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In this paper we describe a new memory test in rats, based on the differential exploration of familiar and new objects. In a first trial (T1), rats are exposed to one or to two identical objects (samples) and in a second trial, to two dissimilar objects, a familiar (the sample) and a new one. For short intertrial intervals (approximately 1 min), most rats(More)
The one-trial object recognition task involves memory of a familiar object in parallel with the detection and encoding of a novel object. It provides the basis for the study of a wide range of cognitive and neuropsychological functions and processes in rats and mice. However, unlike in humans, primate and pigeon studies, object recognition in rats and mice(More)
Rats were submitted to object and spatial recognition tests (both based on the same paradigm) and to the radial-arm maze. The results are as follows: (1) rats could discriminate between a new and a familiar object when the retention delay was 1 min, 15 min or 60 min but not 24 h. The relationship between the level of discrimination and intertrial delays is(More)
Non-thermal near infra-red (IR) has been shown to have many beneficial photobiological effects on a range of cell types, including neurons. In the present study, a pretreatment with a daily 6 min exposure to IR1072 for 10 days yielded a number of significant behavioral effects on middle-aged female CD-1 mice (12-months) tested in a 3D-maze. Middle-aged mice(More)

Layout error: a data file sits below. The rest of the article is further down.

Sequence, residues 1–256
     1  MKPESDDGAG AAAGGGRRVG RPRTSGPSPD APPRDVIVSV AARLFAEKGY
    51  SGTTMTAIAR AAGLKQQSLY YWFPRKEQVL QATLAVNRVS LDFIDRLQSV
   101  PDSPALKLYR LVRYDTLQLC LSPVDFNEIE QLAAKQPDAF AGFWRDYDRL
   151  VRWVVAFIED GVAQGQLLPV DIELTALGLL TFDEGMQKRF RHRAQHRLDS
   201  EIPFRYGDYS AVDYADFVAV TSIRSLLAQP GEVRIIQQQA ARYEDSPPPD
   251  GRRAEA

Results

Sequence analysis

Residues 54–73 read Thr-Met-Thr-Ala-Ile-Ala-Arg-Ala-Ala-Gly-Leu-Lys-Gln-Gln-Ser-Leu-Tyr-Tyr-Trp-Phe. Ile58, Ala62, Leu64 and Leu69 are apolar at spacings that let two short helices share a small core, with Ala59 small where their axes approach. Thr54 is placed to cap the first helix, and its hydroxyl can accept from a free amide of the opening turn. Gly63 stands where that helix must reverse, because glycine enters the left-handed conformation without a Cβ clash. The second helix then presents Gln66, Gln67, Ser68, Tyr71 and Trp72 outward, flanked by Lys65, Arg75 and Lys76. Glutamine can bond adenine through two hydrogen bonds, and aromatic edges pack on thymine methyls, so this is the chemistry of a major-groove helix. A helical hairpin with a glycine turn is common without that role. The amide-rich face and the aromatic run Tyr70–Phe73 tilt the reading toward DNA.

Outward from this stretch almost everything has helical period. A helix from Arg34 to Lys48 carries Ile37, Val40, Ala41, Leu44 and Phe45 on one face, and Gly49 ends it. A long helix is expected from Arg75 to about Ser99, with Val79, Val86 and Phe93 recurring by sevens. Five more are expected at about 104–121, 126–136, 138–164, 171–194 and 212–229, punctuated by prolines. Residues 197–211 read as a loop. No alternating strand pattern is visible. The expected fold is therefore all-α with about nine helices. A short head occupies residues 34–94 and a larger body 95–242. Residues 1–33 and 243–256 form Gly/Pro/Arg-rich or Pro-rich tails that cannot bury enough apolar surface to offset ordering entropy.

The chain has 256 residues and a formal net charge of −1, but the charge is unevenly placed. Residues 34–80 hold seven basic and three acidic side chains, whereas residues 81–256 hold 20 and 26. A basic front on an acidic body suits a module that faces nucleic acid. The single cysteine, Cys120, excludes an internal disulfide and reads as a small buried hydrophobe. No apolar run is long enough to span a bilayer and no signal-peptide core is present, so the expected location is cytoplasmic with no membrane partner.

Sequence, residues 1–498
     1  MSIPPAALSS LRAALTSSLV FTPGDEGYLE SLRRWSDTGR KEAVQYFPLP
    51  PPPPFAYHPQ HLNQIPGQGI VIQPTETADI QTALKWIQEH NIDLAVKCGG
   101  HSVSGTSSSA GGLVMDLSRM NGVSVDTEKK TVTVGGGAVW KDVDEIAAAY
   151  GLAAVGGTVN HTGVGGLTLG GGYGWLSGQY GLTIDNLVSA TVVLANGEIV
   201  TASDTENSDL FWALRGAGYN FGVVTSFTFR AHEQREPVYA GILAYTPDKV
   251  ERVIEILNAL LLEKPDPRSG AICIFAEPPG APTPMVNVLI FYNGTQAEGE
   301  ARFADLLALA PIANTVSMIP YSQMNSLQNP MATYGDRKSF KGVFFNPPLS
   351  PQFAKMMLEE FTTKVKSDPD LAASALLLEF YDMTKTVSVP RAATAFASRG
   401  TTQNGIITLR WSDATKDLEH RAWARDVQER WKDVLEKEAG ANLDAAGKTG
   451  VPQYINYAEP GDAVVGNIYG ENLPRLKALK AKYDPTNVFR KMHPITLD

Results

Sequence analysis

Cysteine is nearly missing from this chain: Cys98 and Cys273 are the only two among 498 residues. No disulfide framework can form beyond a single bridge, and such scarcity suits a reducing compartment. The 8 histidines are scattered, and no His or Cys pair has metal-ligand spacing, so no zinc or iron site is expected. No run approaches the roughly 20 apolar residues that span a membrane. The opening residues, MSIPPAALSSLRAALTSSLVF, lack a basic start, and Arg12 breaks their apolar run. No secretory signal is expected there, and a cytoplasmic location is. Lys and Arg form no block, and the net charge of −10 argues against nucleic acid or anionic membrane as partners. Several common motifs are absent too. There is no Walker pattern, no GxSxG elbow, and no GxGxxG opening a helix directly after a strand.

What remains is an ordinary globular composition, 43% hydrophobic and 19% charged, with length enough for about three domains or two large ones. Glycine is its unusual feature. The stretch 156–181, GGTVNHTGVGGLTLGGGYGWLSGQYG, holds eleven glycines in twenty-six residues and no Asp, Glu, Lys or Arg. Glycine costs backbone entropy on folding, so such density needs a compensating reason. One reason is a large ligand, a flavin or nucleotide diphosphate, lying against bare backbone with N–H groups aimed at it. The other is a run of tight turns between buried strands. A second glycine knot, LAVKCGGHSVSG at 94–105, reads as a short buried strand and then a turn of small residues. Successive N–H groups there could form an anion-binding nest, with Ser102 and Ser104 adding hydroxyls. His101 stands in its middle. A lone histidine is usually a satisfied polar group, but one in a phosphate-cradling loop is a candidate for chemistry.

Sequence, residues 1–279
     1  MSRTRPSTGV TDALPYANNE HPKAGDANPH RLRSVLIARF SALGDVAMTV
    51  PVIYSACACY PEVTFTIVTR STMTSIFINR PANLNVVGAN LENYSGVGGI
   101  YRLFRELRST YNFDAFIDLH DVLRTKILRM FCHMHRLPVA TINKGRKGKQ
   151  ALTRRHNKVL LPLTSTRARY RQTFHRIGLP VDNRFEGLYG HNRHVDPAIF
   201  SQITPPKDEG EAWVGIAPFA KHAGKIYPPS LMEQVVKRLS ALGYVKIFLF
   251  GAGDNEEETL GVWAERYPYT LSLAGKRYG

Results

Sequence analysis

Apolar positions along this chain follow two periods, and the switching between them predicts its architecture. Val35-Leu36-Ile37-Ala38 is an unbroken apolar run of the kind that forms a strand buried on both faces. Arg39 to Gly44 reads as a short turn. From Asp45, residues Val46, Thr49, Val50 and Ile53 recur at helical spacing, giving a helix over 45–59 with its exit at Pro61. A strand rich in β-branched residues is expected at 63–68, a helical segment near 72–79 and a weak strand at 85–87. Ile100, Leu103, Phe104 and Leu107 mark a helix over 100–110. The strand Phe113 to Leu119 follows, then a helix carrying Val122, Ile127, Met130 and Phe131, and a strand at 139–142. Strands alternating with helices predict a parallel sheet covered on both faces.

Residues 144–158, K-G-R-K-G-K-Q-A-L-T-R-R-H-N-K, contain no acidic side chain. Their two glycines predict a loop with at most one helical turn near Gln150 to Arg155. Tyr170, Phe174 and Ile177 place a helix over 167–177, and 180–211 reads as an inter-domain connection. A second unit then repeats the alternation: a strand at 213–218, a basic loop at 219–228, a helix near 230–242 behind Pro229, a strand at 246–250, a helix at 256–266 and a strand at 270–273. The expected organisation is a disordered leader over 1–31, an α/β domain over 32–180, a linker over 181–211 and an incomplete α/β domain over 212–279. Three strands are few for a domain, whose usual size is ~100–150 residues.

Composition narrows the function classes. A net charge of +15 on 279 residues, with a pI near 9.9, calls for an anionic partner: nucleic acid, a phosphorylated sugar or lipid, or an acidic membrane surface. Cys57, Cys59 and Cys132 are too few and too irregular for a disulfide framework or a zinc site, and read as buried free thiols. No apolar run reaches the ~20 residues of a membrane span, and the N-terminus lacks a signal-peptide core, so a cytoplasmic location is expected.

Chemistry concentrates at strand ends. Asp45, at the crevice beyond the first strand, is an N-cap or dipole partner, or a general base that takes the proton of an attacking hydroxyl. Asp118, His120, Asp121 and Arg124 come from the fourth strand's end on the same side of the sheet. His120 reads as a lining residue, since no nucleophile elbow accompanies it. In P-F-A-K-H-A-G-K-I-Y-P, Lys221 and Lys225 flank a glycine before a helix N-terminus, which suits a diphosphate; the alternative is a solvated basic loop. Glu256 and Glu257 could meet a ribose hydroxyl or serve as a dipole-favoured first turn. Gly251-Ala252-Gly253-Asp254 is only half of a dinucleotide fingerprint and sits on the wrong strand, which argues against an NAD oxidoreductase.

Training animals in spatial mazes have always been preceded by prior habituation to the test apparatus and testing conditions with the main goal to reduce fear and anxiety from exposure to the unfamiliar maze environment. This approach makes assumptions about the baseline level of emotionality in animals without actual objective measurements. It also(More)
The present study, examines some issues in the measure and analysis of behavior in animals. Two strains of rats of both genders were used to illustrate and discuss these issues. We examined to what extent various behavioral measures reflect different or identical emotional or cognitive factors and, how sensitive are the various parameters of a task to(More)
Exposure to novelty has been shown to induce anxiety responses in a variety of behavioural paradigms. The purpose of the present study was to investigate whether exposition of naïve rats to novelty would result in a comparable or a different pattern of responses in an open space versus enclosed space with or without the presence of an object in the centre(More)
Traveling across time zones causes disruption to the normal circadian rhythms and social schedules because of travelers' shift in time. As the endogenous circadian timing system adapts slowly to new time cues, the phase relationship between biological rhythms and external time cues are out of synchronization for a period of time. This disturbance of(More)
The present report describes the emotional responses of different strains of mice to exposure to a novel open space model of anxiety using a 3D spatial navigation task. The 3D maze is modification of the radial maze with flexible arms that can be raised above or lowered below the horizontal level of a central platform. To access the arms animals need to(More)
Three set of experiments were performed in an enclosed space (open-field) and in an open space (elevated platform). The surface of the open-field and the elevated platform were divided in nine equal squares. Rats were exposed (without previous habituation) in a unique session (experiment 1) or three consecutive sessions (experiment 2) either to an(More)